Thursday, June 24, 2010

Top Five -- Lou Reed Songs

I love lists and always enjoy doing the wrestling top five at 411mania when I can, so why not bring that here? Whenever I get in the mood, I'll do a top five list of some kind. No honourable mentions, just the top five. Since I've been in a Lou Reed mood lately, I'll do my top five favourite Lou Reed songs. This includes his stuff with the Velvet Underground, obviously. I'm including links to youtube videos featuring the songs as well so you can hear them in some form or another -- if there's the original (audio with a static picture), I'll use that.

5. "Coney Island Baby" (Coney Island Baby): I love the guitar work in this song, but also the odd shift where it goes from Lou Reed talking about wanting to play football in high school to ideas of love... I've never really figured this song out, but it's just a beautiful song. It builds well from the slow, quiet beginning. There's a lot of passion in it. The guitar playing is by Bob Kulick, I believe, and is really different from standard Lou Reed songs. Very intricate work. I can just listen to this song over and over.

4. "New Age" (Loaded): While I've heard demos or live versions of most of these other songs that have variations, "New Age" is the only one with two radically different sets of lyrics. They both share a chorus (albeit with some slightly altered lines), but the verses are very different. The studio version involves the "fat, blonde actress" and wanting her autograph. It's a song about finding a new life as you reach a certain age -- hitting that point in your life where you're not young anymore and need to change. The other version, which you can hear on 1969: The Velvet Underground Live vol. 1 (and Tori Amos covered on Strange Little Girls) is more about going out to bars and clubs in New York. Something about the lines "I'll come running to ya / Hey, baby, if you want me" strikes me. More than any other song on this list, I can't point to what about it touches me. I just dig it.

3. "Perfect Day" (Transformer): A little cliche to stick this song on the list since it's one of those songs everyone knows, but... it's really fucking good. Sad and self-aware at the same time. The lines that always stick with me are "You made me forget myself / I thought I was someone else / Someone good." A nice little hint at the meaning of love, but in a different context. This also just has one of Reed's better vocal performances. I also really like the demo for the song where he sings about a 'sumer's day' most of the time. I kind of like that version of the lyrics more, because it makes the times when he calls it a perfect day stand out more. It was just a summer's day, but it became a perfect day... something cool about that.

2. "Caroline Says II" (Berlin): The saddest, most heartbreaking song I've ever heard. This song is the culmination of Reed's various "(girl's name) Says" songs, building on "Stephanie Says." This song shares some lyrics with "Stephanie Says," but takes things even further by detailing the abuse Caroline suffers from her boyfriend/husband. It's slow and sad, this song. To make things worse (sort of), on Berlin, this song is followed by "The Kids," which is probably the second saddest song I've ever heard. The opening lyrics to this song are the worst -- just a kick to the gut. My heart sinks every time I hear them.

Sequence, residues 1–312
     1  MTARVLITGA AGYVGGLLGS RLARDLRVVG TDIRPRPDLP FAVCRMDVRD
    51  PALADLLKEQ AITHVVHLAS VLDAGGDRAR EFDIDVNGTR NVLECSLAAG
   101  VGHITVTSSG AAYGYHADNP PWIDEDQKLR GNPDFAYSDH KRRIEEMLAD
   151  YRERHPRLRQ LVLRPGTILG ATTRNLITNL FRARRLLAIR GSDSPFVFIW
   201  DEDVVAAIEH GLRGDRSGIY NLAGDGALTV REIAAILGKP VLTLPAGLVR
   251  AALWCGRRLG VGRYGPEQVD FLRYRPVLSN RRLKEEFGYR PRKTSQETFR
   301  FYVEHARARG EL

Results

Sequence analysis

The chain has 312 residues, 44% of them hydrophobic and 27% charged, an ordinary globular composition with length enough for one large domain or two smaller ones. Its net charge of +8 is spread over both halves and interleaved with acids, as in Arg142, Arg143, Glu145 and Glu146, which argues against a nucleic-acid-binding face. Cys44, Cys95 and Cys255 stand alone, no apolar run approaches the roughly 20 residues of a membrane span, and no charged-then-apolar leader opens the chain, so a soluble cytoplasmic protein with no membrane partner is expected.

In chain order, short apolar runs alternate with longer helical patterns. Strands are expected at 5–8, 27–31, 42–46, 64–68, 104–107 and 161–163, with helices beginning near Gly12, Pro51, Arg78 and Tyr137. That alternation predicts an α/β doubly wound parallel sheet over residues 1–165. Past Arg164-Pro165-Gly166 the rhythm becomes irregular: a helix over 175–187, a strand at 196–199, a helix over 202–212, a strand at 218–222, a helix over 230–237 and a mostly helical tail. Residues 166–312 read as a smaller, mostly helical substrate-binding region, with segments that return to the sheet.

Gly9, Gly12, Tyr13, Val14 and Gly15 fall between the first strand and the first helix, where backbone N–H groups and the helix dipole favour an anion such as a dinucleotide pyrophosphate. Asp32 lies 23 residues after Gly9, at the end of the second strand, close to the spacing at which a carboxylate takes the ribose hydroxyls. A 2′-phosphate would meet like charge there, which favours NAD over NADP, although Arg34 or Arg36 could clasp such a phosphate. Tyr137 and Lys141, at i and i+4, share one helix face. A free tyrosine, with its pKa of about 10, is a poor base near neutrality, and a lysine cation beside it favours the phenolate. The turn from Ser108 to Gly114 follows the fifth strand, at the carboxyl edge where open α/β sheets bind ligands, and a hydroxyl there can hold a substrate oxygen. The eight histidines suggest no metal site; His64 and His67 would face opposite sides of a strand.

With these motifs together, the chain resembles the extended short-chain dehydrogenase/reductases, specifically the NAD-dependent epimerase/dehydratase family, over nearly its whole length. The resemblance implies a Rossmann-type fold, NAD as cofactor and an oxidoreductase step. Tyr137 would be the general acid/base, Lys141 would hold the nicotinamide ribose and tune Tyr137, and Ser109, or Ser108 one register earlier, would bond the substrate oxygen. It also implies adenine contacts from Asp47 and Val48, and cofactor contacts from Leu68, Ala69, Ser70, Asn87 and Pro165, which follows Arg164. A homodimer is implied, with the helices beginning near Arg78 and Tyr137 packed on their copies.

1. "Rock & Roll" (Loaded): A song about how fantastic music is. How it can change your life, save your life. Life can awful, but if you put on the right music, suddenly, it's all right. I'm always amused at how aware the five-year old girl is in this song, though. What a depressed little kid. If she's already rolling her eyes at her parents' commercialism, I can't imagine she'd make it past the age of twelve without killing herself, rock music or no rock music. Also, this song contains a very important message that everyone of my generation seems to have forgotten: YOU CAN DANCE TO ROCK AND ROLL MUSIC! Still, the core message here isn't about rock music, it's just about the glory of music. How powerful it is and what it can do. The song also has a great little imperfection where after the first line of the lyrics, the sound of the recording gets louder. I love little things like that.

If you haven't before, check out the songs. They're all fantastic.

2 comments:

Jeff said...

"New Age" is definitely an underappreciated gem. Check out his "American Poet" album if you haven't heard it...incredible live radio recording from 1972.

BTW, heads up on some Ryan Adams archival releases...
http://www.rollingstone.com/music/news/17386/117247

Chad Nevett said...

I do indeed have American Poet. I don't have everything by Reed, though.

And cool news on the Ryan Adams front. I hope he goes for regular releases on those. I remember both albums being mentioned at some point in the past.